Enough Already!- The Continuing Saga of Evangelicals Attacking Driscoll

(Note: It has been brought to my attention since writing this that John MacArthur has made attempts to contact Mark Driscoll and deal with the issues that exist between them.  I am glad to hear that news and wish to repeal any critical comments I have made about MacArthur not doing so that appear in the article and comments below.) 

The twists and turns of evangelicals bitter affair with Mark Driscoll have been well-documented here (1, 2, and 3) as has my unwavering support of his ministry in Seattle and acround the world.  Now, with the recent passing of the 2009 edition of John MacArthur’s Shepherd’s Conference, the harsh light of interrogation has turned once more to Pastor Driscoll and his “language” in the pulpit.

First, and I wish to say this just as a confession, I have often found myself at odds with John MacArthur and those who follow closely to his beliefs.  Beyond the fact that I think Reformed Dispensationalism in the Dallas Theological Seminary tradition makes absolutely no sense, I think that Dr. MacArthur tends to be awfully arrogant and presumptuous in promoting it.  More than that, however, I take issue with his extreme moral positions.  From issues of alcohol use to those of contextualization, Dr. MacArthur and his followers often times have presented themselves, at least in my estimation, wrongly as God’s final arbiters of what is biblical and what is not.  I typically find Marthur’s writings to be very informative, I own several and have benefited from them greatly, but there always comes a level at which I just don’t trust him.  This has only been compounded by his comments in 2006 about Driscoll which he has just let be tossed all about by evangelicals in print and on the net without him ever taking the opportunity to expound upon what he’d said or confront Driscoll with it himself.  I don’t like that– it reeks of self-importance and I find it to be awfully unhelpful to the greater cause of reaching people with the message of the gospel.

I share this first of all as a means of confessing what is probably on some level a sinful feeling in myself.  I don’t like disliking John MacArthur and his ministry, but more and more I find them to be guilty of the same self-aggrandizement and moral golden calfs as other evangelical establishments that MacArthur would likely preach against, and so I struggle to reconcile that.  

I also share this as a full disclosure before I refer you to a series of posts on Jonathon Christman’s blog The India I Know which address the recent exchange of feelings between Mark Driscoll and MacArthur disciple Phil Johnson.  As in prior Driscoll-related conflicts, Johnson’s beef with him has to do with pulpit behavior and does not really sound any different to me than anything anyone else has said.  However, this case is unique in that the full correspondance has been digitally immortalized by Christman including a direct and public response from Driscoll to the questions/charges.  Though I’m sure if you are like me you have had enough of this conflict, it is interesting to see Driscoll directly reply to it finally.

I do not necessarily mean to support all or any views on Christman’s site, but due to his diligent work in getting this up I ask that you visit the posts on his blog to see for yourself what is going on.  Check out the posts here: Parts I, II, III, IV, V, VI, VII, VIII

13 Responses to “Enough Already!- The Continuing Saga of Evangelicals Attacking Driscoll”

  1. Keith Walters Says:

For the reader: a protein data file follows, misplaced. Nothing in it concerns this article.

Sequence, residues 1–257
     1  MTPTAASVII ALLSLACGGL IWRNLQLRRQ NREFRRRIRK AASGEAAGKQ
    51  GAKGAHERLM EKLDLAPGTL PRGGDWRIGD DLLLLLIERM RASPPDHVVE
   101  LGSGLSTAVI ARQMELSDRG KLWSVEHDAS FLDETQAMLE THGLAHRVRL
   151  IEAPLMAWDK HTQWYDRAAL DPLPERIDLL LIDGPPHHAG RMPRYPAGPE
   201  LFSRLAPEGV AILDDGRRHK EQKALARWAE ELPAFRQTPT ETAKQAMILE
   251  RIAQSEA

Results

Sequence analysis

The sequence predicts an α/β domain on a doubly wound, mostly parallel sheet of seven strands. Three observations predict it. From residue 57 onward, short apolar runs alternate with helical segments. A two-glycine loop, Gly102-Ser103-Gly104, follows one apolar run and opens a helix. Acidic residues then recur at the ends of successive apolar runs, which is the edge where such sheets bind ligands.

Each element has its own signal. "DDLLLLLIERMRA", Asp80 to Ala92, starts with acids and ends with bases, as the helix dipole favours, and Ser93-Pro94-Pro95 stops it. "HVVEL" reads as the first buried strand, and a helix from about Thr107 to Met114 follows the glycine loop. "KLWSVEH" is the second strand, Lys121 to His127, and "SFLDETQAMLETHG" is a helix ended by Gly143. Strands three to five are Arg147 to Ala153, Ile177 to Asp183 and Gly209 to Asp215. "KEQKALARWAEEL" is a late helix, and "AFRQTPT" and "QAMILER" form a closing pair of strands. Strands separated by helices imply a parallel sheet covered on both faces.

I think you have to view this in light of the fundamentalism movement. I think that in an effort to preserve the ministries at GTY, TMS, and GCC they are beginning to take fortified positions against those theological positions which they see as dangerous. I don’t think this is anything new; MacArthur has constantly called individuals and ministries which are false into question. Early on it was charismaticism, easy believism, the health wealth and prosperity gospel, and recently the emergent church. The only issue now is that they are attacking Driscoll and a lot of people like him. So I don’t this is out of character for this ministry. Nor do I think they deserve as much criticism as they have received. Yes, I disagree with them at some points but at other points I strongly disagree with Driscoll.

    Do I think that they should agree to disagree in the same way they do with Sproul’s infant baptism, Mohler’s historical premillennialism, and Mahaney’s charismaticism? Yes, but for some reason they don’t and that is very disappointing. Yet at the same time I find it equally disappointed that individuals would discount the ministry and work of one of the greatest expositors of our time.

    On the alcohol issue attending TMS actually helped me break free of my cultural fundamentalism and see that alcohol is not a sin. I think their position on alcohol is more biblical than the one taken by our SBC seminaries; my TMS student handbook has a section on discerning gray areas rather than the all out prohibition advocated at SBC schools (unless you use alcohol in communion of course). On an odd note TMS prohibits the use of tobacco and to my knowledge the SBC schools do not, but whatever.

    What is so “awfully arrogant and presumptuous” about promoting Reformed Dispensationalism? Is R. C. Sproul not equally arrogant and presumptuous in promoting Covenant Theology? I honestly don’t understand your comment. I do not wholly agree with Dispensationalism nor Covenant Theology, but I understand why their respective proponents promote it and am confused as to why that is arrogant.

    P. Chase,
    What do you think???

  2. Todd Burus Says:

    Thanks for your comments/concern. To start, I admit that saying “awfully arrogant and presumptuous” about MacArthur’s promotion of Reformed dispensationalism may have been too far. The thought I was wishing to express is that I feel it is difficult to get much out of MacArthur’s commentaries and sermons at times unless you hold to the exact same covenantal convictions that he does (which, let’s admit, is a minority opinion even among Calvinists). I do not feel that guys like Piper and Driscoll require as close an adherence to their own personal beliefs to be beneficial as he does.

    This also plays out in general for me with MacArthur and his writings. I almost stopped reading his commentary on Acts because every time a spiritual sign or wonder was performed (which is quite often in that book) MacArthur found it necessary to add yet another paragraph about how these gifts had ceased with the passing of the apostles. It was just obnoxious and after awhile felt like he was simply touting his own prowess since every paragraph came with a reference to his book Charismatic Chaos.